PubMed Abstract | CrossRef Full Text | Google Scholar

Woolf, A. S., Price, K. L., Scambler, P. J., and Winyard, P. J. (2004). Evolving concepts in human renal dysplasia. J. Am. Soc. Nephrol. 15, 998–1007. doi: 10.1097/01.ASN.0000113778.06598.6F

PubMed Abstract | CrossRef Full Text | Google Scholar

Yallowitz, A. R., Hrycaj, S. M., Short, K. M., Smyth, I. M., and Wellik, D. M. (2011). Hox10 genes function in kidney development in the differentiation and integration of the cortical stroma. PLoS ONE 6:e23410. doi: 10.1371/journal.pone.0023410

PubMed Abstract | CrossRef Full Text | Google Scholar

Yu, J., Carroll, T. J., Rajagopal, J., Kobayashi, A., Ren, Q., and McMahon, A. P. (2009). A Wnt7b-dependent pathway regulates the orientation of epithelial cell division and establishes the cortico-medullary axis of the mammalian kidney. Development 136, 161–171. doi: 10.1242/dev.022087

PubMed Abstract | CrossRef Full Text | Google Scholar

Zeng, X., Huang, H., Tamai, K., Zhang, X., Harada, Y., Yokota, C., et al. (2008). Initiation of Wnt signaling: control of Wnt coreceptor Lrp6 phosphorylation/activation via frizzled, dishevelled and axin functions. Development 135, 367–375. doi: 10.1242/dev.013540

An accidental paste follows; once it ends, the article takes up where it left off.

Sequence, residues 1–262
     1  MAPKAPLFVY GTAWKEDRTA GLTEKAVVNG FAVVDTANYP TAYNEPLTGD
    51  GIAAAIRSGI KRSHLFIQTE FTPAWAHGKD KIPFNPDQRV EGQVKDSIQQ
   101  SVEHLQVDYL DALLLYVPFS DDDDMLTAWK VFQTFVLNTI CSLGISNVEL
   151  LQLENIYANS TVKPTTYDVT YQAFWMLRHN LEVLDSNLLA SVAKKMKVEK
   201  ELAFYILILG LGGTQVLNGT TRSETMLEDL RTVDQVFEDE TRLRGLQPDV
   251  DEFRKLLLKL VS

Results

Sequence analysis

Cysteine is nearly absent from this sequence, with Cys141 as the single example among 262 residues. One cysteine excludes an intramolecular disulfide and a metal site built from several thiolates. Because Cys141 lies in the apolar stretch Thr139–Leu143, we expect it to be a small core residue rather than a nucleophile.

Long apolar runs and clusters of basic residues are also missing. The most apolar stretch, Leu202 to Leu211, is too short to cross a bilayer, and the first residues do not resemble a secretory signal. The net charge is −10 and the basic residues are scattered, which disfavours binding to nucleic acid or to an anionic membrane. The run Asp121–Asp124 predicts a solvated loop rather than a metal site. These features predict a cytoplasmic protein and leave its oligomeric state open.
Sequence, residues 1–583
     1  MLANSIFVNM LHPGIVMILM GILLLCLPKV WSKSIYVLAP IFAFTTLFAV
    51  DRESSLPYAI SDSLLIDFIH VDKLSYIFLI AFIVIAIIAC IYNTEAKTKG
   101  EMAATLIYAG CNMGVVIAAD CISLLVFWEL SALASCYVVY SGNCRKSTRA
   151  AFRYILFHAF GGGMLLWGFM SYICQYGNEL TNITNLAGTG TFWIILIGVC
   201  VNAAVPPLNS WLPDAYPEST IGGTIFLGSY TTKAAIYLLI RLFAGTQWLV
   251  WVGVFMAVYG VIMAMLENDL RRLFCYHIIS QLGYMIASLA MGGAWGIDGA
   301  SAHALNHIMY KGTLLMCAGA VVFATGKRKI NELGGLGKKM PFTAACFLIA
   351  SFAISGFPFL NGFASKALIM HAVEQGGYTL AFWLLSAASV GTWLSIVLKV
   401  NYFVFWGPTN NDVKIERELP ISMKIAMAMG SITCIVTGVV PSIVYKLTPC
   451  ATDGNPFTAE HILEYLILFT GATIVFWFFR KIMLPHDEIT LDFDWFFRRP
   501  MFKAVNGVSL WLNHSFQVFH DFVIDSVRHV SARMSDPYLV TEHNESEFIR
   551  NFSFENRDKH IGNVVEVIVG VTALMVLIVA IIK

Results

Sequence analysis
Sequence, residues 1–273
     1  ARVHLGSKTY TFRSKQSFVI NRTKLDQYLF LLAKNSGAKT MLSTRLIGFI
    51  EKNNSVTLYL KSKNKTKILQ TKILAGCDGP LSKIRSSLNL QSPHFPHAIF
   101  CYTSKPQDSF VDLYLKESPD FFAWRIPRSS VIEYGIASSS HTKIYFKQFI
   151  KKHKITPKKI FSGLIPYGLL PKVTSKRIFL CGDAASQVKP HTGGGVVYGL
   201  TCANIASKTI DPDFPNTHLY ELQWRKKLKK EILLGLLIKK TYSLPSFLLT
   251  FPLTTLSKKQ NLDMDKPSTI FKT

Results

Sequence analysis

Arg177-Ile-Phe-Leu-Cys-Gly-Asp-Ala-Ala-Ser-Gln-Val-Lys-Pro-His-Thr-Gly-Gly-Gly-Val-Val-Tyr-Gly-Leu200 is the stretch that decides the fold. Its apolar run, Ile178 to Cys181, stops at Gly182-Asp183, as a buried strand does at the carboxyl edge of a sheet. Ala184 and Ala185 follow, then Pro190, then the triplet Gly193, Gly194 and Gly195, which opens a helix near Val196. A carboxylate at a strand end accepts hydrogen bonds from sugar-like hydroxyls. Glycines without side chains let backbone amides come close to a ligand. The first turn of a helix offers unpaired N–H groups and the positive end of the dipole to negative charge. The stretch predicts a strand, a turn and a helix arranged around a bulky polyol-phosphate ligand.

PubMed Abstract | CrossRef Full Text | Google Scholar

Zhurinsky, J., Shtutman, M., and Ben-Ze'ev, A. (2000). Plakoglobin and beta-catenin: protein interactions, regulation and biological roles. J. Cell Sci. 113(Pt 18), 3127–3139.

PubMed Abstract | Google Scholar

Keywords: kidney development, beta catenin, renal dyspalsia, ureteric epithelium, metanephric mesenchyme, renal stroma

Citation: Boivin FJ, Sarin S, Evans JC and Bridgewater D (2015) The Good and Bad of β-Catenin in Kidney Development and Renal Dysplasia. Front. Cell Dev. Biol. 3:81. doi: 10.3389/fcell.2015.00081

Received: 07 July 2015; Accepted: 04 December 2015;
Published: 22 December 2015.

Edited by:

Sunder Sims-Lucas, University of Pittsburgh, USA

Reviewed by:

Sun-Young Ahn, Children's National Medical Center, USA
Jacqueline Ho, Children's Hospital of Pittsburgh of UPMC, USA

Copyright © 2015 Boivin, Sarin, Evans and Bridgewater. This is an open-access article distributed under the terms of the Creative Commons Attribution License (CC BY). The use, distribution or reproduction in other forums is permitted, provided the original author(s) or licensor are credited and that the original publication in this journal is cited, in accordance with accepted academic practice. No use, distribution or reproduction is permitted which does not comply with these terms.

*Correspondence: Darren Bridgewater, bridgew@mcmaster.ca

These authors have contributed equally to this work.